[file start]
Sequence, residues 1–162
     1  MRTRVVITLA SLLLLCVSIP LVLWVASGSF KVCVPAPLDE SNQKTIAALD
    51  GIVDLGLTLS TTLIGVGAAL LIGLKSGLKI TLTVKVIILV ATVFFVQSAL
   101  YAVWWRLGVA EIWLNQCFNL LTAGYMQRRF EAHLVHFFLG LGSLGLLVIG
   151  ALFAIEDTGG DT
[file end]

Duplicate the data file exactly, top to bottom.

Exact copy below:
Sequence, residues 1–162
     1  MRTRVVITLA SLLLLCVSIP LVLWVASGSF KVCVPAPLDE SNQKTIAALD
    51  GIVDLGLTLS TTLIGVGAAL LIGLKSGLKI TLTVKVIILV ATVFFVQSAL
   101  YAVWWRLGVA EIWLNQCFNL LTAGYMQRRF EAHLVHFFLG LGSLGLLVIG
   151  ALFAIEDTGG DT